Citizens Advice has called on the mobile phone industry to do more to prevent shock bills, saying companies are "hanging customers out to dry".
The advisory service said 28,000 issues relating to mobile phones and contracts were reported last year and a further 102,000 people sought help online, with complaints including shock bills, phantom charges and billing errors.
The new figures come ahead of World Consumer Rights Day tomorrow, with this year's theme being mobile phones.
Citizens Advice said some customers had been hit with "shockingly high" bills after making calls abroad or using the internet, or as the result of scams or having their phone stolen.
Complainants included a woman who received a £2,000 bill after she used the wi-fi in a hotel lobby in the US.
Her mobile phone operator insisted she pay as her data roaming was not turned off and she did not buy a package before going.
Another complainant took out a loan to avoid going £408 into debt with his bank after a billing error meant he was charged more for his mobile phone costs than he should have been, but was initially only offered an apology when he complained to his provider.
Others are being driven into debt as they struggle to cope with these unexpectedly large bills.
"The 28,000 issues reported to Citizens Advice in 2013 shows people are experiencing a myriad of problems with mobiles including faulty phones, services that are not up to scratch and misleading practices.
"It's time the industry looked at how it could banish bad behaviour and help customers avoid large
"Phone providers could help people by sending them text messages with reminders about the costs and any limits they have. There is also an opportunity for firms to be innovative by creating tools for people to keep day-to-day track of their charges, calls and data use.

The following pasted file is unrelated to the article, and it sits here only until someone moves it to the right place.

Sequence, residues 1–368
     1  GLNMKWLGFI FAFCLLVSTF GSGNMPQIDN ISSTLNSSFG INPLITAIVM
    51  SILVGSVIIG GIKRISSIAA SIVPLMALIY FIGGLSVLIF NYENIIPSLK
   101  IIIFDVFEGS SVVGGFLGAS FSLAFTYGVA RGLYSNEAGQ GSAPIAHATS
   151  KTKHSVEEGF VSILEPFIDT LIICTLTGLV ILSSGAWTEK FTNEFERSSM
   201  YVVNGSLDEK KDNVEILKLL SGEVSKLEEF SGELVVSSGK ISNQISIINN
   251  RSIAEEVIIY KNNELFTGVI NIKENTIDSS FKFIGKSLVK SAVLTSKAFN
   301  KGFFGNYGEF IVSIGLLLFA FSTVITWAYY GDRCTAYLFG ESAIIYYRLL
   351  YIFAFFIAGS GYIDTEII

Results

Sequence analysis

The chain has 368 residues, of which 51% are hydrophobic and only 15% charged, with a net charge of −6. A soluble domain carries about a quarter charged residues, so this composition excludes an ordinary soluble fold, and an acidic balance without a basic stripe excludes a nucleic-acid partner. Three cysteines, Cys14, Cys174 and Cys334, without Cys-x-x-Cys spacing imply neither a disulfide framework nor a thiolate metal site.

"Consumers can also take steps to steer clear of running up a large bill abroad including checking costs with their network before they travel or getting a local sim card if you visit a place regularly."
There is a limit on how much phone users can be charged for data while in the EU, and Citizens Advice said it wanted to see the cap extended to countries further afield.
Citizens Advice Scotland chief executive Margaret Lynch said: "The consumers that speak to us often feel powerless in the face of problems with their handset, shock bills or unexpected changes to their contracts, compounded by poor customer service from their operator.
"Citizens Advice Scotland's services are here to help with free and confidential advice from our consumer helpline, self-help advice online or our network of local bureaux."
Consumer Minister Jenny Willott said: "Nobody wants to be stung by sky-high and unfair charges on their mobile phone contracts.
"This is why we've come forward with strong measures to introduce a cap on bills when phones are lost or stolen and stop unexpected mid-contract price rises.
"If people think they are getting a harsh deal then they should get in contact with Citizens Advice, who can advise them on their rights."